Stocks were little changed in Europe ahead of the Bank of England rate decision. The disquiet that’s being felt in markets that central banks have reached the limits of monetary easing could be temporally relieved if the Bank of England talks up the chance of adding more stimulus in the coming months. Once the Bank of England is out of the way, next week’s meetings from the Federal Reserve and Bank of Japan will be more reasons to stay on edge.
Stocks were little changed in Europe ahead of the Bank of England rate decision.
The disquiet that’s being felt in markets that central banks have reached the limits of monetary easing could be temporally relieved if the Bank of England talks up the chance of adding more stimulus in the coming months. Once the Bank of England is out of the way, next week’s meetings from the Federal Reserve and Bank of Japan will be more reasons to stay on edge.
Economic data from the UK doesn’t warrant any additional action in September but the central bank is likely to stick its guns in suggesting a weaker economy in the coming months rates may need to be cut again in response to a slowing economy after Brexit.
The FTSE 100 was narrowly in the red amidst mixed earnings reports from retailers Morrisons and Next a decline in the oil price hitting energy shares.
Shares of WM Morrison have jumped 7% after well-received quarterly earnings, pulling shares of fellow Big four supermarkets Tesco and Sainsbury’s too. Morrisons reported a 13.5% rise in pre-tax profits for the half-year through June and a third quarter of like-for-like sales growth. Store closures have helped the new management led by David Potts control the supermarket’s costs and partnerships with Amazon and Ocado should continue to improve sales.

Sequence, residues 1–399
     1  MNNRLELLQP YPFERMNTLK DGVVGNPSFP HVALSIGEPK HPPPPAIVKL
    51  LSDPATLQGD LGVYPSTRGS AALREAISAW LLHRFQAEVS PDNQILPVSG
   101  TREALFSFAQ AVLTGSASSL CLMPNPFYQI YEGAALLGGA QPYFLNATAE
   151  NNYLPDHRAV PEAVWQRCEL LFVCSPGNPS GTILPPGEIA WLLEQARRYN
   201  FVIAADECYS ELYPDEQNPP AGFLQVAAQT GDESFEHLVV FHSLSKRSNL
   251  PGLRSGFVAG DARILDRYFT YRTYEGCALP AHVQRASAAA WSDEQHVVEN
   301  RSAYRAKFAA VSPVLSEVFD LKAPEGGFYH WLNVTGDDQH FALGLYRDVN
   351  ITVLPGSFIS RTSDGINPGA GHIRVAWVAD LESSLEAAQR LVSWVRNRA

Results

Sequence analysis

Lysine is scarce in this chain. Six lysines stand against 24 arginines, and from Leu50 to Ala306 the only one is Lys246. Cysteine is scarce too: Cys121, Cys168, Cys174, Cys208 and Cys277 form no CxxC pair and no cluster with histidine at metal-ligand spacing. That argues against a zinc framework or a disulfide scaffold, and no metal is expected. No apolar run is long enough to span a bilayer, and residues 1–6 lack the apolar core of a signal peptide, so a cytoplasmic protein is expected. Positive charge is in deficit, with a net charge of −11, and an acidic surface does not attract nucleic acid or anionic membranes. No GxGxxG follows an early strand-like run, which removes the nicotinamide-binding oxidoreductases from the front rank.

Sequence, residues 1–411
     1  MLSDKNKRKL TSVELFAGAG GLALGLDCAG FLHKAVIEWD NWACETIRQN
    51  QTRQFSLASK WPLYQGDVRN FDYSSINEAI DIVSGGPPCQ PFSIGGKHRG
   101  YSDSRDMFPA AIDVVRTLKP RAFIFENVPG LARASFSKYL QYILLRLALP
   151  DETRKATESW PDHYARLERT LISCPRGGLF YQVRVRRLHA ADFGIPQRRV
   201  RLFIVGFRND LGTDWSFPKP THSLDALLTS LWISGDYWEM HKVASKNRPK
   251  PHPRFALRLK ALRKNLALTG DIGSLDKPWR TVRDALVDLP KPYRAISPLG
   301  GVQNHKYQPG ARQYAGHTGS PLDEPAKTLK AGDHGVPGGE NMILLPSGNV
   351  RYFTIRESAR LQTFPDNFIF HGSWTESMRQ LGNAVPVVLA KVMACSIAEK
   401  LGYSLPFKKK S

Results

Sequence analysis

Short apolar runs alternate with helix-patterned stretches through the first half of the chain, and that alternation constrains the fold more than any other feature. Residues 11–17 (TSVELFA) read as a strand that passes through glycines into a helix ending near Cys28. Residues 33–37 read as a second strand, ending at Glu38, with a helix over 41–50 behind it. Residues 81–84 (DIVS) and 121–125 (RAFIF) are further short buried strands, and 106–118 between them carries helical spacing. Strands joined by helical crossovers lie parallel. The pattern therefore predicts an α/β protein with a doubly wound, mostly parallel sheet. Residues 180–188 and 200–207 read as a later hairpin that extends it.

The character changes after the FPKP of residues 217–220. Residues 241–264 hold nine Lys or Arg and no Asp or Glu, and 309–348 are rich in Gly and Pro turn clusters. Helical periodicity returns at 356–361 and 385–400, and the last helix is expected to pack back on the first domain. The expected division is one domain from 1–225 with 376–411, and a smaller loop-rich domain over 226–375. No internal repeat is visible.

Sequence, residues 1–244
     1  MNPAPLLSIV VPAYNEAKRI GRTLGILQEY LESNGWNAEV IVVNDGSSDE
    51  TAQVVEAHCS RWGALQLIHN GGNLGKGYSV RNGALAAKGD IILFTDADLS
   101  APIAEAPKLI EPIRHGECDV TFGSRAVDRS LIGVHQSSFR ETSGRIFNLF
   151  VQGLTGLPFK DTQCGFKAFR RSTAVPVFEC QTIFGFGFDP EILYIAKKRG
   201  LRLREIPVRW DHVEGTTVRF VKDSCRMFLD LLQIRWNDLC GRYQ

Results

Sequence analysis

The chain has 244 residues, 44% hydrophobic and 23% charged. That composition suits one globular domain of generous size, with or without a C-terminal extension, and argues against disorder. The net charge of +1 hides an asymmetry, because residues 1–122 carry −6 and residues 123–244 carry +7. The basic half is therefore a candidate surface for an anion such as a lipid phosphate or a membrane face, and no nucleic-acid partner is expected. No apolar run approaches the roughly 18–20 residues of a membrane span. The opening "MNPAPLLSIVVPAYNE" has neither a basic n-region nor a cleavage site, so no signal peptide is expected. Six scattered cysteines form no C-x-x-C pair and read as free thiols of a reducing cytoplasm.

Next shares dropped to the bottom of the UK equity benchmark, falling over 5% in a negative reaction from investors to its earnings update. Pre-tax profits at Next fell 1.5%, bolstered by gains in the online and catalogue Directory business. Next chief executive Lord Wolfson saying it has been a “challenging year” says it all. Plans to push up prices next year to offset higher input costs (in US dollars) after the drop in Sterling will be another headwind. Higher clothing prices may see customers continue a long-running shift to cut-price fashion stores like Primark and fast fashion like Zara.
The British pound got a lift after UK retail sales fell much less than expected in August and figures for July were revised higher. The data was before the Bank of England cut interest rates, showing an economic resilience that the Bank of England will struggle to take credit for.
Stocks in the US look set for a lower open in what would be a third day of declines ahead of the release of US inflation data. Yesterday’s losses were despite Apple shares reaching a five-month high and the completion of Bayer’s takeover of Monsanto.
USA pre-opening levels
S&P 500: 3 points lower at 2,122
Dow Jones: 22 points lower at 18,012
Nasdaq 100: 7 points lower at 4,739
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